Talk Shows or Show Talks?

Do Armenia’s TV programs provide sufficient information to voters so that they can behave like democratic citizens?

Many, most likely, will say no, pointing to the recent flood of entertainment programs, which are supposed to integrate the necessary part of “digested news,” gradually supporting the development of the ability to master the main news.

As a rule, pure news that conveys the most important events (if, of course, distorted information and political videos aren’t incorporated) have no attraction for the not yet politically mature. 

Presumably a TV station with a clear mission and knowing its role should’ve aimed for the maturation of each TV viewer, gradually being led from digested news to the intelligent understanding and discernment of pure news.

Probably it’s time to demand that on this basis of this affirmation TV stations invest in complete quality management systems and serve their purpose (as they say, fit-for-purpose).

If like the education system and according to the standards of the International Organization for Standardization (ISO) the airwaves were subject to monitoring and assessment, then it would be much easier for the National Commission on Television and Radio to make judgments about revoking a TV channel’s broadcasting license.

Whether we like it or not, talk shows have become an integral part of entertainment and leisure and a broadcasting slot that’s anticipated by many. Initially, such shows had a problem with discussing and detailing the day’s news, but gradually they began to become sensation-containing demagogy.

Some talk shows try to maintain a high quality tantamount to their own mission (led by the goal of developing informed citizens in society), while others discuss topics of secondary significance to public life, trying to present them in a more entertaining but harmless format. 

Finally, the worst and most harmful talk shows are those in the notorious Jerry Springer style, which stuff our most basic desires and wrath (which, by the way, have been lashed in all dogmatic systems), negatively influencing society. 

There isn’t even a need to cite research; the claim is so obvious.

For several days I’ve been following the local programs Kisabats Lusamutner, Kentani Matyan, and Azat Goti.

From the start, none of them met the classic requirement to be called a talk show, where, in the context of the latest important news, a relatively unprepared TV viewer might gradually prepare for informed participation as a result of some awareness gained through detailed discussion.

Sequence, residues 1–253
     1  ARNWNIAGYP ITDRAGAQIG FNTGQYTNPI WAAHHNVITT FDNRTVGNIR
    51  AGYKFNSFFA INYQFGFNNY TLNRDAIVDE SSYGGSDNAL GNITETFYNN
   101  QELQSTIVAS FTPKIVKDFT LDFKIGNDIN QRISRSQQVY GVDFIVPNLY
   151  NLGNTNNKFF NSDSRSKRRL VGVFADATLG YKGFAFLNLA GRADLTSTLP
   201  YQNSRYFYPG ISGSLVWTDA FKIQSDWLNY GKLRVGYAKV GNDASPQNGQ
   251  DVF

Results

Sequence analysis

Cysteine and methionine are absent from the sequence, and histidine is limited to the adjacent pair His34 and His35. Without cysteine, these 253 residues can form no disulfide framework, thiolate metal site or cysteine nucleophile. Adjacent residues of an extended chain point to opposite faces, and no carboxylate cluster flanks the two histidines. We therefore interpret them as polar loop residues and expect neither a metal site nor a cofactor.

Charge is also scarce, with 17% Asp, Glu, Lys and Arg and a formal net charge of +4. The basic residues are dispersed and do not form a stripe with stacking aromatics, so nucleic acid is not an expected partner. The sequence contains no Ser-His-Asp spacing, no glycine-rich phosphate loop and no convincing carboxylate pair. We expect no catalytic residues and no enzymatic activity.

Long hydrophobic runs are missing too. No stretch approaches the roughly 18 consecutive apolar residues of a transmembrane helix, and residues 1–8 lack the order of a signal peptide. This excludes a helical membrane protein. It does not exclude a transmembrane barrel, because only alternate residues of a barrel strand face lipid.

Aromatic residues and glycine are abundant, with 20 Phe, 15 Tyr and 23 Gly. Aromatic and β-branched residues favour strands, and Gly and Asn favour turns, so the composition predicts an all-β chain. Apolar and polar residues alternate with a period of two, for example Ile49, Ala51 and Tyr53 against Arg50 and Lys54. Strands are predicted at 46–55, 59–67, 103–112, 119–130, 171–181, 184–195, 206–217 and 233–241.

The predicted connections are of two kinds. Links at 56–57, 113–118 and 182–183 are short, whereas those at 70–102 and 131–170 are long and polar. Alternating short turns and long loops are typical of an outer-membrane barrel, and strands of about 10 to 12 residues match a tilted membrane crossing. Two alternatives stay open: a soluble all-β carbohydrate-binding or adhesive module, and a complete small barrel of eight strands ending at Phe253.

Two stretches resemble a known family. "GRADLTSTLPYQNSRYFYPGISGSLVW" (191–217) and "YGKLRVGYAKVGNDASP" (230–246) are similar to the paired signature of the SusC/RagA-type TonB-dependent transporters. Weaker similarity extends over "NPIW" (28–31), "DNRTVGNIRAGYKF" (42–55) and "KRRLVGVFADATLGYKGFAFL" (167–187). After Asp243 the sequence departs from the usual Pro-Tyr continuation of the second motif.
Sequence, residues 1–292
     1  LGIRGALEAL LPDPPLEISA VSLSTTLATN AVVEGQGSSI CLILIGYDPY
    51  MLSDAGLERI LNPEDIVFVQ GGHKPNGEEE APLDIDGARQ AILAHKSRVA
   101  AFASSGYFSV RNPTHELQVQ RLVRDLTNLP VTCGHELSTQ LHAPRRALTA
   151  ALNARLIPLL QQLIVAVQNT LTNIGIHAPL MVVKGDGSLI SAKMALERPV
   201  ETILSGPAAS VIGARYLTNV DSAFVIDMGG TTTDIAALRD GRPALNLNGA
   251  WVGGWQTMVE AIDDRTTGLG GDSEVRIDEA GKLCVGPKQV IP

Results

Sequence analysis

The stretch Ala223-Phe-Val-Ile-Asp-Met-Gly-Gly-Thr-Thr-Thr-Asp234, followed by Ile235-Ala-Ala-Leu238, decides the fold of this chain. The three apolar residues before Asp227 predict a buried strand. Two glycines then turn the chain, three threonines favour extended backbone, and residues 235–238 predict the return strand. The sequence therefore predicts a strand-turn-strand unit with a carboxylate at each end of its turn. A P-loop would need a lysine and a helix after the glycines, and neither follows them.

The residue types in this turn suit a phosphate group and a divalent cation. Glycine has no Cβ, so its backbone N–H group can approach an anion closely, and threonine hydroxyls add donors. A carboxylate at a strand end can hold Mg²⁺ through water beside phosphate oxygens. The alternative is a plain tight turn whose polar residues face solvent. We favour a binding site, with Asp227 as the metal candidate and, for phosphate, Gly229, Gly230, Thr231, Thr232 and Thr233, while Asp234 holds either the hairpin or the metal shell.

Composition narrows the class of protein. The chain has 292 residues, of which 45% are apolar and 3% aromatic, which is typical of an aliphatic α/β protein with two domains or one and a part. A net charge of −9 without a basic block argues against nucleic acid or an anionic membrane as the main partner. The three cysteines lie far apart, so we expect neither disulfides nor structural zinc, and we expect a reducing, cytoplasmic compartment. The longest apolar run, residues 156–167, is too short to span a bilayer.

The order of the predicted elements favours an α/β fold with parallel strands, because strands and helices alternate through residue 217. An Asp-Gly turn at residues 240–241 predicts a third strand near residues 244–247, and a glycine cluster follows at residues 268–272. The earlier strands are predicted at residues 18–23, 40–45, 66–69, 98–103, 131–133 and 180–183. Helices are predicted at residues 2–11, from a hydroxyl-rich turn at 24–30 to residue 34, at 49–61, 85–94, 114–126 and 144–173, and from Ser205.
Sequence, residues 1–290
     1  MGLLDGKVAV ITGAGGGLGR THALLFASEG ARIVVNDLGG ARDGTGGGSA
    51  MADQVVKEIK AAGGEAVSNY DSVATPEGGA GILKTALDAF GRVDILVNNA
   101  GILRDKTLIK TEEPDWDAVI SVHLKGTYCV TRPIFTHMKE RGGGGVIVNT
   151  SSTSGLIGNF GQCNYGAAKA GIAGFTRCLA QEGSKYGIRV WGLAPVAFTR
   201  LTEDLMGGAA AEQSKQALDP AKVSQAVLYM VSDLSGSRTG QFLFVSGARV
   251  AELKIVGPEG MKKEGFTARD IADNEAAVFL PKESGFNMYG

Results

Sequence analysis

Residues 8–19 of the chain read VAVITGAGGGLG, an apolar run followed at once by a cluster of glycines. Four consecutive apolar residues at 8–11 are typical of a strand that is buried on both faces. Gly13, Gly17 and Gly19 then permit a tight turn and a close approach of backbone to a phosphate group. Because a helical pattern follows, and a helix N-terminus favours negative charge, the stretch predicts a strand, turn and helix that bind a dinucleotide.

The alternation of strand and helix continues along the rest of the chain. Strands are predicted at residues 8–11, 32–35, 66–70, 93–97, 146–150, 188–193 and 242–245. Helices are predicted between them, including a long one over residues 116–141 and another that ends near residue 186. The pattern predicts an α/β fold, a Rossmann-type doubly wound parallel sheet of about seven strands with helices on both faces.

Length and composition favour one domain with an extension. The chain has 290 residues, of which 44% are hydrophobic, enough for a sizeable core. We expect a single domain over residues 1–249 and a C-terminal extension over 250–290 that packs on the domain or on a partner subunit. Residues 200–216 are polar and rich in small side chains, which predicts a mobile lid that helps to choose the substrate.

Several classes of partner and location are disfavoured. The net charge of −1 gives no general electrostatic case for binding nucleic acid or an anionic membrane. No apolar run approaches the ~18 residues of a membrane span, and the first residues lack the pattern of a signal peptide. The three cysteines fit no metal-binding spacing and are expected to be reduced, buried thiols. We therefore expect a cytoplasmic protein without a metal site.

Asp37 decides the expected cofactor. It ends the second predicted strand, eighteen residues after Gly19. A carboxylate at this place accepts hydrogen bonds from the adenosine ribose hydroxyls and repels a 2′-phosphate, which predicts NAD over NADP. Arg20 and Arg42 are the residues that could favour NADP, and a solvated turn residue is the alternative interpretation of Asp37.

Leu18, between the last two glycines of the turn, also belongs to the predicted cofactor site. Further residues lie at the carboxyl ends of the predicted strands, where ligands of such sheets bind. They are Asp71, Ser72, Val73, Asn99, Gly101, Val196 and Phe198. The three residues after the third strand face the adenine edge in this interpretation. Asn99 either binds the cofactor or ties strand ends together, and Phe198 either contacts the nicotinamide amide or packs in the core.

Moreover, one of these was an earlier discussed pernicious program, in the style of Jerry Springer and having a great reputation, where people were talking about their most menial thoughts and adventures.

This was followed by a reciprocated response by experts and the audience, which reproduced that “culture,” where value is flavored with low-class epithets and dishonor or ongoing high-pitched conversation, and in the worst case, with the host’s unbearable vocabulary and shouting. 

If TV stations were subject to total quality control and were licensed on this basis, then such programs, no matter how in demand they were, would be unable to occupy air space.

But the reality in Armenia is not yet so. Online I tried to calculate by random sampling the average values of viewings of these three shows’ broadcasts this year.

It turned out, the lower the quality of and more vulgar the content, the larger the audience. It’s obvious that neoliberal free market approaches in politics and culture are deteriorating the people and the pillar of the country, instead of conscious coexistence, choking them in an orgy of tastelessness and vulgarity.

Probably we have to put a stop to all this, but within the limits of the constitution and faithful to the democratic spirit.

It’s necessary to demand that, alongside several other industries, journalism also be subject to the dictate of quality control.

Nvard Manasian

The views expressed in the column are those of the author's and do not necessarily reflect the views of Media.am.

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